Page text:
GSU submits brief on new hours of work provisions, Part III, Canada Labour Code
On March 31 GSU submitted a brief to Economic and Social Development Canada - Labour Program (ESDC) opposing exemptions the Western Grain Elevators Association (WGEA) was lobbying for in relation to new hours of work provisions that became part of Part III of the Canada Labour Code in Sept. 2019.
WGEA is the lobbying umbrella for the major grain elevator companies in western Canada and has a history of opposing modern labour standards covering hours of work, including the eight-hour day.
The majority of GSU members fall under the Canada Labour Code and work in areas deemed to be essential components of Canada's supply chain and food production sector. As an organization of working people, GSU's brief to ESDC said the union's primary concern is for the well-being of all working people; unionized or not.
GSU's submission followed on the representations made on behalf of the union during a March 13, 2020 consultative session convened by the Labour Program of ESDC. GSU's brief made the following points.
Eight-hour Rest Period
In section 169.1 of the Code, employers are required to
provide eight consecutive hours of rest between work shifts. GSU members (as do their
non-unionized counterparts) regularly fulfill long shifts of 10, 12 or 13.3 hours, not
including overtime work, in highly safety sensitive workplaces.
Anything less than a mandatory break of eight hours between shifts would be
profoundly unsafe. It is GSU's respectful submission that workers have a right to rest
and a life way from work. And these workers also have a right to report to work free from
Advance Notice of Schedule
Section 173.01 of the Code requires employers
provide employees with their work schedule at least 96 hours before the start of the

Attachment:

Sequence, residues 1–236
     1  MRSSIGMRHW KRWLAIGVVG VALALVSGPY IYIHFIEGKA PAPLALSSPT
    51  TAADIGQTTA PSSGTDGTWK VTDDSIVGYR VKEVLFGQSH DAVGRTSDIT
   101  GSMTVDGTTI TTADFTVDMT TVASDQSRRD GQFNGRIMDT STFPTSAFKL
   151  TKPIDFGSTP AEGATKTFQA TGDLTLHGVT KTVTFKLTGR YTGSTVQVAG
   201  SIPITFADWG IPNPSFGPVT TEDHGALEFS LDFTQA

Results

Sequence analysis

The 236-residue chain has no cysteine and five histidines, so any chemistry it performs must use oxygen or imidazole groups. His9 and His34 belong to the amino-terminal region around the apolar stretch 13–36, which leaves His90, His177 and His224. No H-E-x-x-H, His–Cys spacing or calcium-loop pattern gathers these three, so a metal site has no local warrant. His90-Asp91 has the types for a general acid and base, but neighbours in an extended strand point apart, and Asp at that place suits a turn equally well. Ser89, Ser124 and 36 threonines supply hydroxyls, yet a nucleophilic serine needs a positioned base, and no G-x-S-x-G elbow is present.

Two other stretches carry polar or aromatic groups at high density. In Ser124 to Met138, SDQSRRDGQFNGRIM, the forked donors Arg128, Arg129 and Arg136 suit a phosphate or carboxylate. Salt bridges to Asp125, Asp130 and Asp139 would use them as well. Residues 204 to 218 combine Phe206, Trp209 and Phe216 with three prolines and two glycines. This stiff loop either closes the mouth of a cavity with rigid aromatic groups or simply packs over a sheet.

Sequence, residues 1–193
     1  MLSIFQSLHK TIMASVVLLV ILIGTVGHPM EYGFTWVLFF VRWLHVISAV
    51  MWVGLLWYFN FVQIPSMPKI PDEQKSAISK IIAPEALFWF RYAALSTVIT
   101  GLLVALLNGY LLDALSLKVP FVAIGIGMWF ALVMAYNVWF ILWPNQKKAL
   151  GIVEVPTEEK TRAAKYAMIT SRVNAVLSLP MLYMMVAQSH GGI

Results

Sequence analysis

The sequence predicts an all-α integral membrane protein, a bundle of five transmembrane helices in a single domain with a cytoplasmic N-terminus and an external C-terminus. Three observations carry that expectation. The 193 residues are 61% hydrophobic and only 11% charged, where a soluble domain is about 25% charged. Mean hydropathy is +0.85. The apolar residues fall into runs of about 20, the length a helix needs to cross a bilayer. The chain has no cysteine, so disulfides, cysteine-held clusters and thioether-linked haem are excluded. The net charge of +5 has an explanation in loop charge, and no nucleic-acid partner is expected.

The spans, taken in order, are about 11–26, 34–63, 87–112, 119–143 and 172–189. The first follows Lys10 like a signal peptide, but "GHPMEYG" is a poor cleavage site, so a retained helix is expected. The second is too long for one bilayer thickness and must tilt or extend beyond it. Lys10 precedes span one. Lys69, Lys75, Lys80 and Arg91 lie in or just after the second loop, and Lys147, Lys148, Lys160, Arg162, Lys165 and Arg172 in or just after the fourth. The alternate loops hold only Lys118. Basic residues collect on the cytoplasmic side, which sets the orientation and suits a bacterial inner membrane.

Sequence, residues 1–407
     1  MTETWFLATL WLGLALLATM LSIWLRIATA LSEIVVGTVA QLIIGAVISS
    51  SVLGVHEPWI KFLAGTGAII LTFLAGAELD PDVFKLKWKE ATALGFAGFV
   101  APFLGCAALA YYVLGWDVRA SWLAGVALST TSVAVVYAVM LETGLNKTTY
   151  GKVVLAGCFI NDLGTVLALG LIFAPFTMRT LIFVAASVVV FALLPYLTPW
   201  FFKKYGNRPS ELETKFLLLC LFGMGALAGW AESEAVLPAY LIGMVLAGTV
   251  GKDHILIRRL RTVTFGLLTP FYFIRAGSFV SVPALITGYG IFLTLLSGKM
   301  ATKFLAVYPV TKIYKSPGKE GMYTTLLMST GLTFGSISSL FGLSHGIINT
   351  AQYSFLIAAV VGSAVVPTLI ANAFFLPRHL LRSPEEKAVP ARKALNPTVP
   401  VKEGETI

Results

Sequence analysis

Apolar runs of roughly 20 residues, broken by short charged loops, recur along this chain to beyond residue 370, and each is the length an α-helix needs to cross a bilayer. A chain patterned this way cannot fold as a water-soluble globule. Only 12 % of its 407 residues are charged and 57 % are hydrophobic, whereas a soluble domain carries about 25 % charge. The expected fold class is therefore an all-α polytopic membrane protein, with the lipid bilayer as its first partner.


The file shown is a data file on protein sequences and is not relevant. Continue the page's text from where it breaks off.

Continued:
work shift and that employees have the right to refuse to work shifts due to insufficiency
GSU's brief argued that workers who already contribute to running a highly-integrated
system deserve to be able to plan their lives without being at the beck and call of their
Notice of Shift Change
Section 173.1 of the Code requires employers to provide 24-
hours' notice of any change or addition to an employee's work shift. Once again, GSU
argued that a reasonable balance between employee and employer interests has been
struck and that the notice of shift change requirement would foster a better and more
Right to Refuse Overtime
GSU's brief supported that the right to refuse overtime
specified by section 174.1 of the Code in relation to family responsibilities is a
progressive and long overdue improvement to labour standards that brings the
employment relationship into the 21st century.
GSU went on to urge ESDC to consider that the stresses and strains on families caused
by the current pandemic crisis illustrate the absolute need for the availability of
workplace and family balance options for working people.
GSU opposes the exemptions or modifications to the new sections of the Canada Labour Code being lobbied for by WGEA and other employer organizations.